In these difficult economic times, there seems to be financial advice everywhere you turn. “Buy low.” “Don’t buy at all.” “Get a house.” “Don’t get a house.” With the myriad of available choices and suggestions, it can be difficult to separate fact, fiction and fancy. As more and more people struggle with lost jobs, decreased wages or frozen bonuses, you have to wonder: “isn’t there something simple but effective that can help me figure out what I need to do?” Thanks to this book, the answer is yes.
Enter David Bach, who has talked the talk then walked the walk. The author of “The Automatic Millionaire” wrote this book in 2005, before everything got so bad in the economy, but the advice is just as useful today as it was four years ago. Bach’s credentials are impressive: he is a money-savvy man who has become an “automatic millionaire” already and then some. In this book, he addresses the growing number of people who are in their 30’s, 40’s or even 50’s who have little or nothing saved and tells them what they need to do to find financial freedom and ease the fears of having enough money to live on after retirement. And by following his plan, it isn’t that difficult to do, regardless of income level.
In the first part of the book, Bach tells you to stop “beating yourself up!” over not starting to save sooner. It doesn’t do any good. You need to move on from your past mistakes and take charge of the present before it turns into the future. Your goal is a future where you do not have to worry about money. As he says early on: “Money may not make you happy, but LACK OF MONEY can certainly make you miserable.” So stop lamenting and start saving! He gives real-life examples of people of different ages who followed their plans and freed themselves from the money trap, people who had nothing or next to nothing when they started, so you can see that it can be done.
The next section covers the important topic of where to find the money you need to get started. Bach lays a shocking piece of information down here: what you spend is what makes a difference, not what you earn. When people have money, they fall into what he calls the “Never Get Ahead Race:” you spend more as you make more and don’t even notice that you’re doing it. So how do you break this cycle? You start off by identifying what he calls the “Latte Factor.” The Latte Factor is something that you spend money on-such as a daily latte-that takes away from what money you have to give towards your future. Bach doesn’t suggest everyone go live in a cave and never spend a dime: he knows that would only make you feel angry and deprived. What he does suggest is that you at least cut down these expenditures, to half or more. One woman in the book was astounded to learn that if she cut her massage/manicure Latte Factor down by half, in 30 years she would have $282,000 just from that!
Not everyone has the same Latte Factor, but the idea is universal. Find what you could do without or cut back on, and do it. Take that money and put it towards retirement and being rich. You have to take a good hard look at where your money goes to do this, and you have to be ready not only to face the facts, but to change them. And even a small change will add up over time. A dollar a day five days a week for bottled water doesn’t seem like a big deal, until Bach shows that over 20 years that’s $20,000 lost. His main idea in this section: start looking and start cutting. Money is there somewhere.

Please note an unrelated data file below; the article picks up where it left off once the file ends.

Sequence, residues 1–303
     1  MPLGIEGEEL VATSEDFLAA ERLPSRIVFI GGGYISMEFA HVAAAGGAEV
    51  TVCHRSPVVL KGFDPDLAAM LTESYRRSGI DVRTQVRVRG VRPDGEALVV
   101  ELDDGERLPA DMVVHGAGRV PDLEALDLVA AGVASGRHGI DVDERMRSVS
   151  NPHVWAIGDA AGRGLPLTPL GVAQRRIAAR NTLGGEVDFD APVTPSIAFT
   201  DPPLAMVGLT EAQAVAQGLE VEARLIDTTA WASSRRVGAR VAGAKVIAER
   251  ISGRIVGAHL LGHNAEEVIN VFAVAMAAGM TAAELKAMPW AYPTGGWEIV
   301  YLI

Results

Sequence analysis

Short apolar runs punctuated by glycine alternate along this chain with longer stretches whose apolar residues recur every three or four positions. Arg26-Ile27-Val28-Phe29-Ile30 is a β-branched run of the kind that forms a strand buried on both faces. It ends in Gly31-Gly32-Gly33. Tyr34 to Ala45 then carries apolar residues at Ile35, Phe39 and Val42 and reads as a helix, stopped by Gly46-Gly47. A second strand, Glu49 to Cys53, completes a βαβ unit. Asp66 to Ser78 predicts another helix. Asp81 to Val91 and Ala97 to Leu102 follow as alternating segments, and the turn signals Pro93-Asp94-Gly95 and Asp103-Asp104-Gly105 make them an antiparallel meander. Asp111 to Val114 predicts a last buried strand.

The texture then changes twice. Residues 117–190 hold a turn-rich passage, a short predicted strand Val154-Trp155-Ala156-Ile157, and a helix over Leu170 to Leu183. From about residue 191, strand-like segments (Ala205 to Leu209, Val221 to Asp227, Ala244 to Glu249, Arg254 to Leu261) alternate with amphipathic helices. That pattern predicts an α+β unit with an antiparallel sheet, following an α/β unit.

Part three covers how to save more, instead of just spending less. The combination of the two is how you make your savings really add up. Pay yourself first, to make sure you save the money. Don’t use a budget. Yes, Bach goes against what most all other finance gurus tell you: get rid of your budget. No one likes them, almost no one can stick to them, and they cause you to feel resentful. Toss it out along with the latte habit.
So, now that you are saving all this money, what are you supposed to do with it? Again, Bach has simple, straightforward answers. Invest it, either in a 401 K or an IRA. Bach discusses the pros and cons of both types of IRA’s so you can decide which you think is best. Once you have one of these, start putting in the most money you can afford to. As for what types of investments you should make, Bach sums it up in one word: boring. Hold steady with a diverse portfolio and don’t try to play the Wall Street game for a quick fortune. Slow and steady wins the race, he reminds you. Just ask the tortoise.
But what if you really are struggling to find money, even after cutting down the Latte Factor? In part four, Bach comes to the rescue there as well by giving you ways to earn extra money. This section covers everything from making a case to ask for a raise to selling on eBay. If those things don’t work or appeal to you, there are other ways of making the money. Bach suggests direct selling (Avon, anyone)? or franchising. He carefully discusses the good and bad sides to each, including going over start-up costs, amount of work involved and what to avoid when choosing them. By the end you’ll have an idea of what you’d like to do and how to start doing it.
Start Late, Finish Rich is well-written, in simple language that anyone can understand. It guides you through the process in small steps: you won’t feel overwhelmed or hopeless reading it. Even if you think you can’t possibly save a dime, Bach will help you see that you can. He shows you not only how to find it, but what to do with it. If you dream of having a financially secure future, retiring before you’re of age or having peace of mind over money, this book is definitely for you.
“Start Late, Finish Rich” by David Bach
Copyright 2005, Broadway Books, 347 pages.